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Category: Religious Studies

Religious Studies

2 Kings 4: 42-44 vs John 6: 1-15

2nd Kings 4:42-44

42

A man came from Baal-shalishah bringing the man of God twenty barely loaves made from the first fruits, and fresh grain in the ear. “Give it to the people to eat,” Elisha said.

43

But his servant objected, “How can I set this before a hundred men?” “Give it to the people to eat,” Elisha insisted. “For thus says the LORD, ‘They shall eat and there shall be some left over.'”

44

And when they had eaten, there was some left over, as the LORD had said.

John 6: 1-15

1

After this, Jesus went across the Sea of Galilee (of Tiberias).

2

A large crowd followed him, because they saw the signs he was performing on the sick.

3

Jesus went up on the mountain, and there he sat down with his disciples.

4

The Jewish feast of Passover was near.

5

When Jesus raised his eyes and saw that a large crowd was coming to him, he said to Philip, “Where can we buy enough food for them to eat?”

6

He said this to test him, because he himself knew what he was going to do.

7

Philip answered him, “Two hundred days’ wages 5 worth of food would not be enough for each of them to have a little (bit).”

8

One of his disciples, Andrew, the brother of Simon Peter, said to him,

9

“There is a boy here who has five barley loaves 6 and two fish; but what good are these for so many?”

10

Jesus said, “Have the people recline.” Now there was a great deal of grass in that place. So the men reclined, about five thousand in number.

11

Then Jesus took the loaves, gave thanks, and distributed them to those who were reclining, and also as much of the fish as they wanted.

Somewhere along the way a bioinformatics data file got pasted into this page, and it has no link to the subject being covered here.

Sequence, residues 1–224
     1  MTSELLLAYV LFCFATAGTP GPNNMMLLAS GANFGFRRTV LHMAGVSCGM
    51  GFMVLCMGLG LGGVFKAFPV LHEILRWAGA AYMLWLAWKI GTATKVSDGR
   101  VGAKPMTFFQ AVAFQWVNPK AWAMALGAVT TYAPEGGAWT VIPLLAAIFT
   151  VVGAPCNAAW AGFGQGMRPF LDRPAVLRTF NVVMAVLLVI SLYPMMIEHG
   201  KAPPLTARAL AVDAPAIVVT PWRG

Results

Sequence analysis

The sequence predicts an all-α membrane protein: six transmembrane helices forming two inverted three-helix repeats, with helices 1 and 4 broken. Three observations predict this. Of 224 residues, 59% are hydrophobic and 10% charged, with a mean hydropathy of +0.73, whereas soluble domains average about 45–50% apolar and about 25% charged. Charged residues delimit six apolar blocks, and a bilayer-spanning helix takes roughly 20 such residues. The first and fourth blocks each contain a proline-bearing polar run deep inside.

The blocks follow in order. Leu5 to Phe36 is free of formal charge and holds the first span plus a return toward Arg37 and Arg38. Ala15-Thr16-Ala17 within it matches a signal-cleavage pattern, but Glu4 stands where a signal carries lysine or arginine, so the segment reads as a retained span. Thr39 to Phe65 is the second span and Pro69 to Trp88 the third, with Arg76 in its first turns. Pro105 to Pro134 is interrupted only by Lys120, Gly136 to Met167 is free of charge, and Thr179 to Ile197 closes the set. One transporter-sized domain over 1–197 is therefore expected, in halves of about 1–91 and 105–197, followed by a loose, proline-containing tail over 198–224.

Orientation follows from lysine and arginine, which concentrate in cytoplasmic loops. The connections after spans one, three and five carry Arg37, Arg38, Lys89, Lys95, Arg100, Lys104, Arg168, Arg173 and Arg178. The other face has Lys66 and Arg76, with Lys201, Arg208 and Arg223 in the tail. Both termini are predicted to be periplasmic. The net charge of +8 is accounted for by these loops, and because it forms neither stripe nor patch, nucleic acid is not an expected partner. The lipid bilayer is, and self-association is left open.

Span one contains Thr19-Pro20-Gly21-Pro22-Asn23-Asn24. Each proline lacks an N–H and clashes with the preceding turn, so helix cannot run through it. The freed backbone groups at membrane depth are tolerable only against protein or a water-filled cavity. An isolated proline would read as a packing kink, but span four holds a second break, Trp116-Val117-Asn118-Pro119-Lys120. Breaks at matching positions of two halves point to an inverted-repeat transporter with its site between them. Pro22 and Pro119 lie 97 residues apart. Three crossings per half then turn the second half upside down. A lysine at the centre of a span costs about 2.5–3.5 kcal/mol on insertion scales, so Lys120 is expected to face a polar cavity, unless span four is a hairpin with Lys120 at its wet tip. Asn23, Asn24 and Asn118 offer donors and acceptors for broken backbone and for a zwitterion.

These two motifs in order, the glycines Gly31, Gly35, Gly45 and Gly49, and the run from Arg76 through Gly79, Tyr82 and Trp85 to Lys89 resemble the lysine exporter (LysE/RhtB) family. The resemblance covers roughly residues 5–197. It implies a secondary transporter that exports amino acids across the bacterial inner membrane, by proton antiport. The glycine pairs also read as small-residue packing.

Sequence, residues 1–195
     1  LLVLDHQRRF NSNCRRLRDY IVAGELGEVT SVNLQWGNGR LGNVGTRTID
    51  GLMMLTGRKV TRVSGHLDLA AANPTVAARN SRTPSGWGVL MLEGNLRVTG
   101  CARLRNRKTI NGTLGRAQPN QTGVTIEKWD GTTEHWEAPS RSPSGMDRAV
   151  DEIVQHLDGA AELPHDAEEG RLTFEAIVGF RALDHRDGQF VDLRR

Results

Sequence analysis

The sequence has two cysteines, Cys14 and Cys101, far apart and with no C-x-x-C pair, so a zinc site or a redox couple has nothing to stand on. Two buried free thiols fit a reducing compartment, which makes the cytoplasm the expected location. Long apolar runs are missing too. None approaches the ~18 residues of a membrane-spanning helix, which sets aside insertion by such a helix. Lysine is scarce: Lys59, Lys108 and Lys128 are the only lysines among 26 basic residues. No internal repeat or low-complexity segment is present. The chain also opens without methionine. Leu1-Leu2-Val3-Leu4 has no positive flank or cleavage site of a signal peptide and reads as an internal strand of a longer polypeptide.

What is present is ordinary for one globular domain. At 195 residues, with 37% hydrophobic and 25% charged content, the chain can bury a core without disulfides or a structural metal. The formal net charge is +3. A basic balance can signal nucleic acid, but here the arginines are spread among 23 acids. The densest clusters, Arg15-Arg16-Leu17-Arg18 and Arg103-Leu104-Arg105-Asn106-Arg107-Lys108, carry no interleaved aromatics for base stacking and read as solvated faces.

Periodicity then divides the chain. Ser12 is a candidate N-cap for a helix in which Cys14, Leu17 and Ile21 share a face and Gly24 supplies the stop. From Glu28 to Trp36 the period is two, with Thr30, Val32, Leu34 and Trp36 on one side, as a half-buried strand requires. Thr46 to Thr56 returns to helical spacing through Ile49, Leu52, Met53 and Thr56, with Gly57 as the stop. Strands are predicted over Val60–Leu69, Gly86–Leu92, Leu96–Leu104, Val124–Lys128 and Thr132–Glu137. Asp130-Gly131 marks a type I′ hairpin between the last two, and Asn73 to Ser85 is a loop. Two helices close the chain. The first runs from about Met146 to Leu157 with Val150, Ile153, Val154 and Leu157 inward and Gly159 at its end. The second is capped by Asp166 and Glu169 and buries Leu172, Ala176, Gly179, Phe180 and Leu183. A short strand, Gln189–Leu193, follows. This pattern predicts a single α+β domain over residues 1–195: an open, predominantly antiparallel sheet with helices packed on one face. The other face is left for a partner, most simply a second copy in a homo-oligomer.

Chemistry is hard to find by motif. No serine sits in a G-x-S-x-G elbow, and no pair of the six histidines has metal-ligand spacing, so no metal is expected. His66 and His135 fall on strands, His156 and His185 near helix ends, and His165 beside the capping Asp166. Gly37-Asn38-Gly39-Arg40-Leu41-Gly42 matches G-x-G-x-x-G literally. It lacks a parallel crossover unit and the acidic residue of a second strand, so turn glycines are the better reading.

12

When they had had their fill, he said to his disciples, “Gather the fragments left over, so that nothing will be wasted.”

13

So they collected them, and filled twelve wicker baskets 8 with fragments from the five barley loaves that had been more than they could eat.

14

When the people saw the sign he had done, they said, “This is truly the Prophet, the one who is to come into the world.”

15

Since Jesus knew that they were going to come and carry him off to make him king, he withdrew again to the mountain alone.

Religious Studies

July 12 Daily Readings

Monday Readings:

  • Exodus 1:8-14, 22
  • Psalm 124:1-8
  • Matthew 10:34 – 11:1

Exodus 1:8 “A new king arose over Egypt who did not know Joseph.”

Human beings tend to forget much more quickly about the good others have done for them than the bad others have done to them.

Pharaoh initiates campaign against the Israelites ultimately attempted genocide (verse 9) the people execute (verse 11, 13, 14) – collective guilt

verse 13 “the Egyptians ruthelessly imposed upon the Israelites”

Massive evil requires: ordinary people to become indoctrinated by the truly evil, people who benefit from the evil, and a paucity of courageous good people.

Psalm 124 – thankful song, thanking G-d he was “on our side […] when our enemies attacked us”

Matthew 10:34

  • Complacency can be defined as “self-satisfaction accompanied by unawareness of actual dangers or deficiencies”.
  • no creature, not even our parents, can bring us to the fullness of life and happiness that comes only from G-d.